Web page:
Reputation as biggest budget airline.
Lots of publicity due to O'Leary and controversial issues.
Air Transport World magazine announced that Ryanair was the most profitable air line in the
world.
2006 Annual Report, Ryanair desinged itself as the 'World's Favourite Airline'.
Weaknesses
Cash tied up in purchase of new planes.
Entire company based on European low cost airline market.
Shock profit warnings may have used cash reserves and weakened fiscal structure
Refusal to back down over issues such as EU Commission
Poor employee relations
Total dependance on the CEO Michel O 'Leary
Opportunities
Possible new routes,
New planes = larger capacity.
Advertising space on website and planes, more revenue
International Airline colloborated
EU expansion
Threats

Competitors - BMI baby, Easyjet, ThomsonFly.


Economic recession would mean less disposable income.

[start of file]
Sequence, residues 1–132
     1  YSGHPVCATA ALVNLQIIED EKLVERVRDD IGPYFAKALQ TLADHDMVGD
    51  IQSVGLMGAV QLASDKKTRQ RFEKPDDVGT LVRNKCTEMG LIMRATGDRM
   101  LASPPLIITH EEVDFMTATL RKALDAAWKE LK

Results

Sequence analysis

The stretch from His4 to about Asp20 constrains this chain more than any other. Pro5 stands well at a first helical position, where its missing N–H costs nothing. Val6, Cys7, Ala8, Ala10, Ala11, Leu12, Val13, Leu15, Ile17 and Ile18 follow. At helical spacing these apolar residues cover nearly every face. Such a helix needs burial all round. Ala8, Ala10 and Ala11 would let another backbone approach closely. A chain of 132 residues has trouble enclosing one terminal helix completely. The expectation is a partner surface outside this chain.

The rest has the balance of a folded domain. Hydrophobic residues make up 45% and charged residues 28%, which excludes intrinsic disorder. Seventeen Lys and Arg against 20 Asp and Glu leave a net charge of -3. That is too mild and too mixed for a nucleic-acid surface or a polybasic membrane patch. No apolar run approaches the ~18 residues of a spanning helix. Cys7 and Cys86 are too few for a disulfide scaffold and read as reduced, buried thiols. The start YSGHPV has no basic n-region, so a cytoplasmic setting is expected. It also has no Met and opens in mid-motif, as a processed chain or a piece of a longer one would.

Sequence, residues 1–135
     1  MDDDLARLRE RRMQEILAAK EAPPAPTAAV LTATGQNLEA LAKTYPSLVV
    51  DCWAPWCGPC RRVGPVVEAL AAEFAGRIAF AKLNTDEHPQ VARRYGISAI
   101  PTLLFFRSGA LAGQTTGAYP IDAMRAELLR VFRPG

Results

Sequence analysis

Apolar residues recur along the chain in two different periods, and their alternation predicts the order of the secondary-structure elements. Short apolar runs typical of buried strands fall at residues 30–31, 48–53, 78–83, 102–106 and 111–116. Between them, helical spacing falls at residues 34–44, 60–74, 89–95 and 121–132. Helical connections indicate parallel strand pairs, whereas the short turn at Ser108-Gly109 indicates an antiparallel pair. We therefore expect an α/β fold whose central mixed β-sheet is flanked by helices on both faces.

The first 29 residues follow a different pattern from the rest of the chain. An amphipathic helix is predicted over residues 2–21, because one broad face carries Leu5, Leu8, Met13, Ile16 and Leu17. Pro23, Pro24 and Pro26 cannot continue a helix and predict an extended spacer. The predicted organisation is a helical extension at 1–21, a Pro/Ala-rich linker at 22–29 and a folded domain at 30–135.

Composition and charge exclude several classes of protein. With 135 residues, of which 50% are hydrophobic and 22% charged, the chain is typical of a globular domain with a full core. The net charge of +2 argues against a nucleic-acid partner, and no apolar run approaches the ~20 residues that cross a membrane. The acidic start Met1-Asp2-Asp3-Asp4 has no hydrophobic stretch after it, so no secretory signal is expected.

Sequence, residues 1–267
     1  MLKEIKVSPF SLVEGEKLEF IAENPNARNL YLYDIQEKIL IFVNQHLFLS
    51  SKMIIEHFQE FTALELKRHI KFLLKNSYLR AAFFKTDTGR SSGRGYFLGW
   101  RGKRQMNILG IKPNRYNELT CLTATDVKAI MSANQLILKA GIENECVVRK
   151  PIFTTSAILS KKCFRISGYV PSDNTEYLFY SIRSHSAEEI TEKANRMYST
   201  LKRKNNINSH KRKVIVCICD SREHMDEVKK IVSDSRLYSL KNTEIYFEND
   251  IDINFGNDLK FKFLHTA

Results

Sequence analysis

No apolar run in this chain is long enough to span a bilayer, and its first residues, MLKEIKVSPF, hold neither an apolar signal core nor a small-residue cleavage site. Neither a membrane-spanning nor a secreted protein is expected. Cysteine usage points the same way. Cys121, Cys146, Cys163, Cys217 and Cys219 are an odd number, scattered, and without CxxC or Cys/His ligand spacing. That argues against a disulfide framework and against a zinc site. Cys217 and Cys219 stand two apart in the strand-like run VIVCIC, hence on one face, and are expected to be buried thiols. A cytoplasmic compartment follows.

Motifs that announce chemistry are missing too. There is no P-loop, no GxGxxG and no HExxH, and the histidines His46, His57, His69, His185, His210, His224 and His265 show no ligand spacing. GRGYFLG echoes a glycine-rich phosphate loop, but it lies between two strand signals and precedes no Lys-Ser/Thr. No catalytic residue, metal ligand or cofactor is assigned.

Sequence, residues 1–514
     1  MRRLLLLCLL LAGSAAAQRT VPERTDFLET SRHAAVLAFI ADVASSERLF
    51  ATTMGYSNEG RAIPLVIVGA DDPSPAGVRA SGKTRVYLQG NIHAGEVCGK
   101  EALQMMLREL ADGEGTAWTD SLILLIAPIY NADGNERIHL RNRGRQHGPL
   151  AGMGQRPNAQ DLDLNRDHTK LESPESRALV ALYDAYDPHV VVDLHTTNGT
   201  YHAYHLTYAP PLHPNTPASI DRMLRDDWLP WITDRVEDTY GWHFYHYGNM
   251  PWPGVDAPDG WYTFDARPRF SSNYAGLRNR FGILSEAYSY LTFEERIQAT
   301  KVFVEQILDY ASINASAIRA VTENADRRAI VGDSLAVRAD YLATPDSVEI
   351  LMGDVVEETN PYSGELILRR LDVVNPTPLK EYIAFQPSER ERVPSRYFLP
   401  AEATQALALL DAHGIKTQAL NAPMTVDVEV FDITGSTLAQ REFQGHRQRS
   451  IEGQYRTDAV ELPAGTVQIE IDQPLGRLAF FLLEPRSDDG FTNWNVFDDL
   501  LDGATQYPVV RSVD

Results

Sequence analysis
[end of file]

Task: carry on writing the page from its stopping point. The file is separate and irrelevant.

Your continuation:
EU Commission could put restrictions on company if do not adhere to state aid rules
Subsitute transpotation like car and high speed trains.
Fluctuatioans in fuel prices

Conclusion
On the whole Ryanair seem to be following a strategy which works for them. They are obviously
aware of their business environment and understand the importance of monitoring it as they took
advantage of the opening in the market when they restyled themselves over a decade ago.
However they need to be aware that this environment is constantly shifting and evolving and
therefore maintaining a close eye on it and being ready to adapt to any changes should be a
fundamental part of their strategy.

Recommendation
Ryanair's aim to keep fares low, mainly by not introducing fuel surcharges. Actions like this, which
were of course highly publicised, ensure Ryanair is constantly attracting customers.
Part of Ryanair's success is made possible by the fact they are such a lean company, both in the
way they operate and the services they offer. O'Higgins (2004) claims that when the carrier